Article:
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Cancelled: School of Creative Arts Research Forum

Monday, 16 March 2020, 10 – 11am

Cancelled: School of Creative Arts Research Forum

Research presentations as part of the School of Creative Arts Research Forum.

Sex, Gender and the Good Priest in Irish Cinema

In the wake of the clerical abuse crisis in Ireland there has arisen a handful of television and cinematic depictions of the 'good priest', a benevolent, yet troubled character who frequently goes up against Church authority..  It has been argued that this type of clerical representation has come out of a cultural desire for trustworthy authority figures in light of the economic collapse of 2008, which left Irish society suspicious of those in power.  In this talk I will compare the representation of the 'good priest' in  the post-Celtic Tiger film, Calvary (John Michael McDonagh, 2014) with the  depiction of the priest in a pre-economic collapse film, Breakfast on Pluto (Neil Jordan, 2005)  in order to demonstrate that fundamental to the construction of the 'good priest'  are regressive notions of Irish masculinity and heteronormative sexual tropes which serve both as signifier of 'goodness' as well as serving to tacitly critique the Catholic Church's teaching on clerical celibacy.

Jacob Martin is a 3rd year PhD candidate in Film Studies, his research examines the representation of clergy in Irish cinema in relation to the decline of Catholicism in Ireland.  He writes on film and television for America Magazine and from 2017-19 was an early career researcher at Trinity Long Room Hub.

A Unity of Expression Sought in Visual Music Works

Maura's creative arts practice seeks to express a formal language that is sought from music, abstract visual art and film. Each of these arts contribute to the forms and means of expression. Visual music is the term that Maura prefers to use to describe this art as it denotes the essential expressive quality and result in the artwork. Visual music is not an extra-musical exploration nor is it a musical visual art rather visual music seeks to create an expressive unity of  music and visual art. Film as a moving image art and medium facilitates the realisation of that unity and contributes to it. Maura uses digital video editing, video effects, the javascript expression language in adobe after effects and other programming techniques to generate the visual material, sources and visual compositions.  This talk will focus on some of the main ideas and constructs that Maura works with in the creation of her work and several excerpts from her works will be shown.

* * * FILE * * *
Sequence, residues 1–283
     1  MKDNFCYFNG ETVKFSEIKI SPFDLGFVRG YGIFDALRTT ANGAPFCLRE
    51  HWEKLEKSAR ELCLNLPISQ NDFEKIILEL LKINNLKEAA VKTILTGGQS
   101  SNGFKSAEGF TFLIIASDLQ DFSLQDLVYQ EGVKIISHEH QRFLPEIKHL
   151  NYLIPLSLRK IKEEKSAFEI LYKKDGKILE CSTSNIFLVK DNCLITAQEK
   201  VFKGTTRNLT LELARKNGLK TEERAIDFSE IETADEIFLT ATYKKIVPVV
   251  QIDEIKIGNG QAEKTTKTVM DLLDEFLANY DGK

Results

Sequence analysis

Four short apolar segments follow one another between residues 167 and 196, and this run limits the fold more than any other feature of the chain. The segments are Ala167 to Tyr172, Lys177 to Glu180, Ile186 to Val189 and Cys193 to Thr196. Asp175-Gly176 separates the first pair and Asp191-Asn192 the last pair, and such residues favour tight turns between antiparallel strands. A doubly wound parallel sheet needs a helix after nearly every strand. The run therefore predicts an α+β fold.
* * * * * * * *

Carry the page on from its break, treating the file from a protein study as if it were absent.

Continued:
Maura McDonnell is an award winning visual music artist, composer, educator and researcher who has been involved in visual music since 1997. She is a part-time assistant professor on the M.Phil in music and media technologies course at Trinity College, Dublin, Ireland and one of the modules she lectures on there is on visual music. Her PhD thesis on 'Finding Visual Music in its Twentieth Century History' was completed in early 2019. Her visual music art productions have been screened and presented in music concerts and experimental film festivals in many countries such as Australia, China, Russia, US, UK, Germany, Ireland, Spain, Canada. She also maintains an informal research blog on visual music at Maura creates visual music visuals for fixed media and music performances and collaborates with music composers and musicians in her arts practice and for some works composes her own music for her visuals. Her recent collaborations have been with musicians such as Ensemble Parallax, directed by Peyman Farzinpour for a series of music concerts in the US in 2019 where she created a visual music visual for a performance of the music composition 'Dérive' by Pierre Boulez. Her collaborations with talented concert pianist Svetlana Rudenko based on a collaborative and shared analysis of the music and in which Maura then creates intricate visual music visuals for projection have been presented in various music concerts in the Royal Irish Academy in Dublin and in the Moscow Conservatory of Music, and the Moscow Museum in Moscow, Russia.

Room: Neill Lecture Theatre
Event Category: Lectures and Seminars
Type of Event: One-time event
Audience: Undergrad, Postgrad, Faculty & Staff
Cost: Free

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